We often apply the diversity argument to advocate for change in situations where women or visible minorities are under-represented. But organizations and teams over-represented by women or minorities suffer the same fate - a smaller pool of potential leaders. The only way you can maximize your talent is by maximizing the diversity of your pool.
Winning the war for talent by breaking with the status quo
Intentionally tapping into and leveraging diversity is one way to make significant gains in increasing the availability of talent in your organization. And I’m not talking about the broad, newly-trendy definition of diversity as encompassing all potential points of difference between people (ie, thinking style, life experience, leadership approach). I’m talking about the hard-core categories of human demographics (gender, age, ethnicity, etc.) that, statistically-speaking, have the highest probability of presenting you with more top-quartile talent to choose from.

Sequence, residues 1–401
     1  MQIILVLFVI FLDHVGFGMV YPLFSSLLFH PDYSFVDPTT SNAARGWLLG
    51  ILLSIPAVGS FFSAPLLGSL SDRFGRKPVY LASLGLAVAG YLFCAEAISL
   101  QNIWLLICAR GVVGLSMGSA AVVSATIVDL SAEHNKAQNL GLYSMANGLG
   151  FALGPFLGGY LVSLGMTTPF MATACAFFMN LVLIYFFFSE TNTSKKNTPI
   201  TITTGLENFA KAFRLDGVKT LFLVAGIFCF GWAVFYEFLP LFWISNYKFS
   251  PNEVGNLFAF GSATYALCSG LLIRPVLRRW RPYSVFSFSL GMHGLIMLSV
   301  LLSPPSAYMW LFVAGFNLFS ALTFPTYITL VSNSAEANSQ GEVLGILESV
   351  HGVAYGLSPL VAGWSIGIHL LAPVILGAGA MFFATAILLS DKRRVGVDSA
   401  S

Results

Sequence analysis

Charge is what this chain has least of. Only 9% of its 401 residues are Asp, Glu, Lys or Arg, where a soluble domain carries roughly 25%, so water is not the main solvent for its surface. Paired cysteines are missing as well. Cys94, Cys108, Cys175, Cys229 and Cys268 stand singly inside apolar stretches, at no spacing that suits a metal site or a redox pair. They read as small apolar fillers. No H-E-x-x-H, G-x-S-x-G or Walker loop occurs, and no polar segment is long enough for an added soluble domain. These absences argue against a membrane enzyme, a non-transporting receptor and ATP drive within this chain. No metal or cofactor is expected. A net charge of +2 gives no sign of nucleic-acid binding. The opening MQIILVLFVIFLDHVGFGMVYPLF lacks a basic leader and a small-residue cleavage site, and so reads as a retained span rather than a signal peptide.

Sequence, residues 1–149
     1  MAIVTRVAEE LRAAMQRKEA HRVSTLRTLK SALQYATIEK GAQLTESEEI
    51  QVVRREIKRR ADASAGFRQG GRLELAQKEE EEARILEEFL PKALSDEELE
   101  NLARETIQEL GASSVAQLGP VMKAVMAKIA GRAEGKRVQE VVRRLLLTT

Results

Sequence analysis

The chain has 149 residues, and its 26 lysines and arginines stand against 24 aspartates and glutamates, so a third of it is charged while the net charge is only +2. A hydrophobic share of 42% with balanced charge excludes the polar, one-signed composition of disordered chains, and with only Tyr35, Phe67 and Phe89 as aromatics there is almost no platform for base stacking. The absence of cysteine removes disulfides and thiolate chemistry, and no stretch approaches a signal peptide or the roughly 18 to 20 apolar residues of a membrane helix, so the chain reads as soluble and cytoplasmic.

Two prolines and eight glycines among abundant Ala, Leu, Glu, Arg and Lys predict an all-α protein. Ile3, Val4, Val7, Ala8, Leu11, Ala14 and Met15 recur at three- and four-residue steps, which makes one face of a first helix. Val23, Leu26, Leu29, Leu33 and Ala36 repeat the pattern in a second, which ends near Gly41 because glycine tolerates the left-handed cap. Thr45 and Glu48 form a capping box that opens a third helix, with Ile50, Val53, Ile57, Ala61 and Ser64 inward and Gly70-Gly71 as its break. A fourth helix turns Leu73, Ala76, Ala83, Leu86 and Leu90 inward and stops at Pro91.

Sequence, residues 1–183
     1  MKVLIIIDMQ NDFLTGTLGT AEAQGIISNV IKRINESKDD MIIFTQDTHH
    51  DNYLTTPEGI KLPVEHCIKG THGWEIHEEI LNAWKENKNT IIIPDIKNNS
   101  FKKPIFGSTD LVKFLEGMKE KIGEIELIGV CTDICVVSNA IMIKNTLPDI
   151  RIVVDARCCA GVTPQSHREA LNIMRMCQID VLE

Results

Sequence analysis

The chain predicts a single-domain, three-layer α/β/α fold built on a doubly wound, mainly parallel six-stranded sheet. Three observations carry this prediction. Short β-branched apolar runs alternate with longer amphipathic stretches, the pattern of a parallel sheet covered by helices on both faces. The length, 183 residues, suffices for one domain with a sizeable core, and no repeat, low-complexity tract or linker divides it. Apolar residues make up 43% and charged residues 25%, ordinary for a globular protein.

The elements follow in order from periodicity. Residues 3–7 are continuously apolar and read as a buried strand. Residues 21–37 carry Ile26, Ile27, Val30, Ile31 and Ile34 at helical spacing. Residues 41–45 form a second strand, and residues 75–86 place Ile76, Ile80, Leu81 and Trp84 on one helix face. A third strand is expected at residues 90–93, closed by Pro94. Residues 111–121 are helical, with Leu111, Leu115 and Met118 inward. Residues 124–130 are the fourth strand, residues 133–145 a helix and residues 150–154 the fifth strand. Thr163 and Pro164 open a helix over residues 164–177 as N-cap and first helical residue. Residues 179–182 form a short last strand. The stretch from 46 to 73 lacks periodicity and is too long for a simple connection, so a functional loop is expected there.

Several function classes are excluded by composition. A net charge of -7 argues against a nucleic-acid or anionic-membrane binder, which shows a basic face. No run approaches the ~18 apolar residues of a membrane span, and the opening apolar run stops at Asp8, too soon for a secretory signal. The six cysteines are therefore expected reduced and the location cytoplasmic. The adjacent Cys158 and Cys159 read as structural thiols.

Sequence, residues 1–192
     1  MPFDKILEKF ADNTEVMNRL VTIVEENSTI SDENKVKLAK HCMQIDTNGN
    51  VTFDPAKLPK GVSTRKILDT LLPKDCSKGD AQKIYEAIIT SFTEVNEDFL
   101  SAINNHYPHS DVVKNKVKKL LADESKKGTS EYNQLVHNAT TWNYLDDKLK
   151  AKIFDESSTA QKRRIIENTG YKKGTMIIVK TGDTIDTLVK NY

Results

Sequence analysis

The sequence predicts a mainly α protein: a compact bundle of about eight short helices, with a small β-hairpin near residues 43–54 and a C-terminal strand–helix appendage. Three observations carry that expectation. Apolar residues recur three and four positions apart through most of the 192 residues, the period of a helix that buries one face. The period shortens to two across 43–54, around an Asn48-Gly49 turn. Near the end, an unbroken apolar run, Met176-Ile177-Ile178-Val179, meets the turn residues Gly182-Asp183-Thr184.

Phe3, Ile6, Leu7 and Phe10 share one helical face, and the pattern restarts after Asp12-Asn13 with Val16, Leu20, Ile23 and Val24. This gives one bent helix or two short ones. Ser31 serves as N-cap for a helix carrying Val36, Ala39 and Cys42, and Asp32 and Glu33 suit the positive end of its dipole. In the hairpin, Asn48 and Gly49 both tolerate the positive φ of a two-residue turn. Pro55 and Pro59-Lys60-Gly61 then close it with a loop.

Strategies for success
Some organizations are well down the path in recognizing the strategic opportunity and competitive advantage diversity brings in the war for talent; for others, it is a work in process. And it is not easy - if it were, we would not be struggling so hard with this issue across so many domains. Many people much smarter than I am on this topic have addressed it at length and developed strong recommendations and solutions for enhancing diversity. I have three suggestions for tackling this issue in the context of building the talent pipeline.
Stay tuned for the next Talent Blog issue on this topic: the retention problem.
Talent Barometer Survey. Mercer, 2013.
My dad, who taught me to stand up for what I believe no matter what other people think, and for proving you are never too old to lead.
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Rebecca Schalm, Ph.D.
Founder & CEO